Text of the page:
Natural Resources Wales clears blue green algae fears on North Wales coast
Natural Resources Wales (NRW) has revealed that no signs of harmful blue-green algae were found in an area of the North Wales Coast, despite initial concerns linked to the sudden death of a dog.
On Sunday NRW issued a public warning following the incident at Penmaen Park, near Penmaenmawr Sailing Club, in Conwy County Borough.
The dog’s sudden collapse was suspected to be due to toxic blue-green algae, also known as cyanobacteria, which can produce harmful toxins under favourable environmental conditions.
In a statement shortly after the incident, an NRW spokesperson urged the public to avoid the water and keep pets at a safe distance.
“We’ve received a report of possible blue-green algae in rock pools around Penmaen Park near Penmaenmawr Sailing Club. Sadly, a dog has collapsed and died due to suspected algae poisoning. If you’re in the area, please keep yourselves and pets away from the water,” the spokesperson said.
However, following an intensive investigation, NRW has now confirmed that no evidence of algal blooms were found in the area.
Despite this, they continue to advise pet owners to keep animals away from any stagnant water and obvious algal growth or accumulation as a precaution.
NRW emphasises the importance of public vigilance is encouraging members of the public to contact their 24-hour incident line on 03000 65 3000 if they observe any concerning environmental or pollution situations.
Blue-green algae, also known as cyanobacteria, are microscopic organisms found in freshwater lakes, ponds, and stagnant water bodies.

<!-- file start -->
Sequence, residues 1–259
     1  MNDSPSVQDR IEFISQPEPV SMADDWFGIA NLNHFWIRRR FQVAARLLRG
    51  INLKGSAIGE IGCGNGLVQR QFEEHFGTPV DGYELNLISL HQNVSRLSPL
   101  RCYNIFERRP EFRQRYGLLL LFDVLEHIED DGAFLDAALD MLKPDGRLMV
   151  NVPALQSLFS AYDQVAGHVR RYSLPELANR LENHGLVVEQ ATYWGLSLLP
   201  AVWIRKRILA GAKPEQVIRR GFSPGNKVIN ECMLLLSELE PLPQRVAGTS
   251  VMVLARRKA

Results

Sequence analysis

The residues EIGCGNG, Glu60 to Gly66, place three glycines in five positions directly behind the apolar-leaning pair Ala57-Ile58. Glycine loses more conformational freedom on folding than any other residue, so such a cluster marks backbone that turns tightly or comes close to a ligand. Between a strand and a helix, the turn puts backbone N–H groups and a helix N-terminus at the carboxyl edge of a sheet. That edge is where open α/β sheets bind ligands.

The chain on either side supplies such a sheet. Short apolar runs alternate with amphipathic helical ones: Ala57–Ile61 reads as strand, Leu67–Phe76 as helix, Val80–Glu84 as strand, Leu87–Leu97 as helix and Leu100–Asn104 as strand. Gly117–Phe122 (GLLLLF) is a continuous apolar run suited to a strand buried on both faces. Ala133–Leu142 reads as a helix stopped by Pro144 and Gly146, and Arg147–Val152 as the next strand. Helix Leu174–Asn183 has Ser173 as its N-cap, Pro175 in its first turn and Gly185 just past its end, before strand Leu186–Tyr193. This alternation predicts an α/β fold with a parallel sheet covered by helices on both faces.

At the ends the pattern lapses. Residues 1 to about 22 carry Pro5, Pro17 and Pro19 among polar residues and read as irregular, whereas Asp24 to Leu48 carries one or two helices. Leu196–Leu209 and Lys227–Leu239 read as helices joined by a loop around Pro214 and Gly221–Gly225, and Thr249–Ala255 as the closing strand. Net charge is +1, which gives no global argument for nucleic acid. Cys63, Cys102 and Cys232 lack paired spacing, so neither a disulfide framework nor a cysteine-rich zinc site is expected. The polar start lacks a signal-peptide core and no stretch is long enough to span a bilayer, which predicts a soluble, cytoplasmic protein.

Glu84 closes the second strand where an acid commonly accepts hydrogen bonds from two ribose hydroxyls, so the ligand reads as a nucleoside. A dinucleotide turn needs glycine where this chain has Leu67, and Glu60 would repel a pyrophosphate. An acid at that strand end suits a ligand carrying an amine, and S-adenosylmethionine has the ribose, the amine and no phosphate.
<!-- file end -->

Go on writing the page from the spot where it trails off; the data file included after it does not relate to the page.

When environmental conditions are favourable, such as warm temperatures and abundant nutrients, these organisms can rapidly multiply, forming what’s called an algal bloom.
Some species of blue-green algae produce toxins, which can be harmful to animals and humans.
Blue-green algae pose a particular threat to dogs because they are attracted to the water and may drink from contaminated sources or ingest algae by licking their fur after swimming.
It can cause serious health problems, including liver damage, neurological issues, vomiting, and death.
Dog owners should be aware of the following regarding blue-green algae:
Know the signs: Algal blooms can appear as blue-green scum or a paint-like slick on the water’s surface. However, not all blooms are visible, and toxins can still be present even if the water appears clear.
Avoid exposure: Prevent your dog from entering or drinking from water bodies with visible algal blooms or where blue-green algae warnings have been issued. Keep your dog on a leash near potentially contaminated water.
Rinse your dog: If your dog has swum in a potentially contaminated water source, thoroughly rinse their fur with clean water to remove any algae residue.
If you suspect your dog has ingested blue-green algae:
Seek immediate veterinary attention. Time is crucial, as prompt treatment can make a significant difference in your dog’s prognosis.
Do not induce vomiting unless specifically instructed to do so by your veterinarian.
Inform the veterinarian about the possible exposure to blue-green algae, as this will help guide their diagnosis and treatment plan.
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